On Thursday, Mark Zuckerberg took to Facebook Live to announce the company would cooperate further with the U.S. Congress by providing evidence of the Russia-linked ads found as proof of election interference. The CEO also outlined nine steps to protect the integrity of the democratic process.
Zuckerberg, coming back from parental leave after the birth of his first child, took the issue head-on and said the platform would take additional measures to tighten controls and increase transparency when it comes to political campaign advertising.
The head of Facebook stated they were taking special precautions with the upcoming elections in Germany, set to take place over the weekend. Special Counsel Robert Mueller is already in possession of the ads in question and has been reviewing them as part of the evidence in his investigations on the Trump campaign.
BREAKING: Facebook says CEO Mark Zuckerberg will provide to Congress the contents of 3,000 ads bought by a Russian agency
— The Associated Press (@AP) September 21, 2017
These are Facebook’s 9 steps to protect democracy
Addressing the fact that over 3,000 ads attempting to influence voters made its way into Facebook and that groups linked to none other than the Kremlin had paid more than $100,000 for them, Zuckerberg went on to list a series of nine steps they would take to enforce better political advertising practices.
First, the social network handed over the entire ad catalog in question to the U.S. Congress, after screening a preview to just some of the staff and making sure sharing the entirety of it wasn’t illegal.
Second, Facebook pledged to continue its own investigations, which pertain more to the tech side of things and the use of tools owned by the social giant including WhatsApp and Instagram.
Live discussing Russian election interference and our next steps to protect the integrity of the democratic process.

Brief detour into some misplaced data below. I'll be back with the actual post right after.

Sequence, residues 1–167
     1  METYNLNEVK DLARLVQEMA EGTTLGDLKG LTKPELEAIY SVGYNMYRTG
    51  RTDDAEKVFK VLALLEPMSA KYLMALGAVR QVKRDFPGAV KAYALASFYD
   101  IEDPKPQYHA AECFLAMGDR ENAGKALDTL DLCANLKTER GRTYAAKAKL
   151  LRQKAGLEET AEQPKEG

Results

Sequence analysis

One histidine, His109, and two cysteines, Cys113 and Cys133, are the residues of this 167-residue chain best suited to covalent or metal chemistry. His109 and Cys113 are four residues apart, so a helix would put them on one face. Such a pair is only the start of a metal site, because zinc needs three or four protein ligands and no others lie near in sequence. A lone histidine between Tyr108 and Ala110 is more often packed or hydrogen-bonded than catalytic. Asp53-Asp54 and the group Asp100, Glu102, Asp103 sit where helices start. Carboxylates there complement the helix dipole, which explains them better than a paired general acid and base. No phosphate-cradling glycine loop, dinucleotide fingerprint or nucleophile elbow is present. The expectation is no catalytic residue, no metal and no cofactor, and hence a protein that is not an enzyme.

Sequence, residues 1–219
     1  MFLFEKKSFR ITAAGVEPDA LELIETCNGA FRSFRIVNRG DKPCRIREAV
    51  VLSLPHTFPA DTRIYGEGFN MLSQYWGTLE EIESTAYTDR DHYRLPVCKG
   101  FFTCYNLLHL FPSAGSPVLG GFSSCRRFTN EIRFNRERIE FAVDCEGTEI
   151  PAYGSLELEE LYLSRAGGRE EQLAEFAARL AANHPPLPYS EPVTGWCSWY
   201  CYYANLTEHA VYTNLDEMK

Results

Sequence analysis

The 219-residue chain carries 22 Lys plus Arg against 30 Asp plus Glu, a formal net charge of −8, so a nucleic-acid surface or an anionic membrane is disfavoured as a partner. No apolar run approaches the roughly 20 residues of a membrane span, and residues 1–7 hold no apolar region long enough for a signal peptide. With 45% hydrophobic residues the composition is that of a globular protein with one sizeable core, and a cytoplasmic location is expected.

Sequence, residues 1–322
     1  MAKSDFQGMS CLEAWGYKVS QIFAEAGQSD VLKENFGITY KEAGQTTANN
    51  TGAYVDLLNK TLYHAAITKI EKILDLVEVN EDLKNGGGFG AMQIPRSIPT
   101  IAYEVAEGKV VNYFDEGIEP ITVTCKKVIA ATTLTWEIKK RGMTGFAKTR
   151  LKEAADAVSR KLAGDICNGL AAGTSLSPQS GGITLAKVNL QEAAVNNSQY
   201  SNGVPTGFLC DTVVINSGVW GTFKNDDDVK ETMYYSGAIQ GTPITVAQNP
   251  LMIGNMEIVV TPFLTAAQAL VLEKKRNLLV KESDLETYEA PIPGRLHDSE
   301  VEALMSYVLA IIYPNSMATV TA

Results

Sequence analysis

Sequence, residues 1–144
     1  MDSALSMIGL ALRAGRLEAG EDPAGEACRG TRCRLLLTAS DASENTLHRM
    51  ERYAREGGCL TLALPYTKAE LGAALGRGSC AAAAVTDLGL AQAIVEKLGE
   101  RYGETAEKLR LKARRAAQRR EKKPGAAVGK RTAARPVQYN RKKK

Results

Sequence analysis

Posted by Mark Zuckerberg on Thursday, September 21, 2017
Third and fourth, Zuckerberg promised to increase the transparency of political ads and to enforce more thorough reviews prior to their publication. The executive pledged to more than doubling its election integrity workforce this next year as a fifth step.
Actions six and seven are focused on collaboration: Facebook will work closer than ever with election commissions across the world as well as with other tech giants to share information in hopes of avoiding this sort of interference schemes in the near future.
The platform wants to “protect political discourse from intimidation” as an eighth measure by basically creating new anti-bullying tools targeted at securing political campaign integrity. Finally, Zuck and co. promised to monitor the German election closely, as it is a real-life scenario that could have similar incidents.
— Fast Company (@FastCompany) September 21, 2017
Has Facebook turned too powerful?
Aside from the nice gesture of personally addressing the issue, some people feel that the fact that Mark Zuckerberg talks to its users as some sort of global leader is somewhat weird. Facebook playing such a major role in the election of a country’s president is, for the lack of a better word, eerie.
Leaving all conspiracy theories of world domination aside as well, it is inevitable to feel that the social network has managed to make itself an essential part of our lives even if we are not active users or even registered on it.
The key is to take the amazing technologies these institutions have and fit them into our democratic system of government.
— Matt Stoller (@matthewstoller) September 22, 2017
The scope and reach of Facebook’s tools and platforms are massive, and its power lies in the information it handles. In just a little over a decade, the site has gone from college social network to a global community capable of influencing the future of, well, the entire world.
As Zuckerberg himself said at the end of his transmission “we are in a new world,” and they have, indeed, risen to the occasion.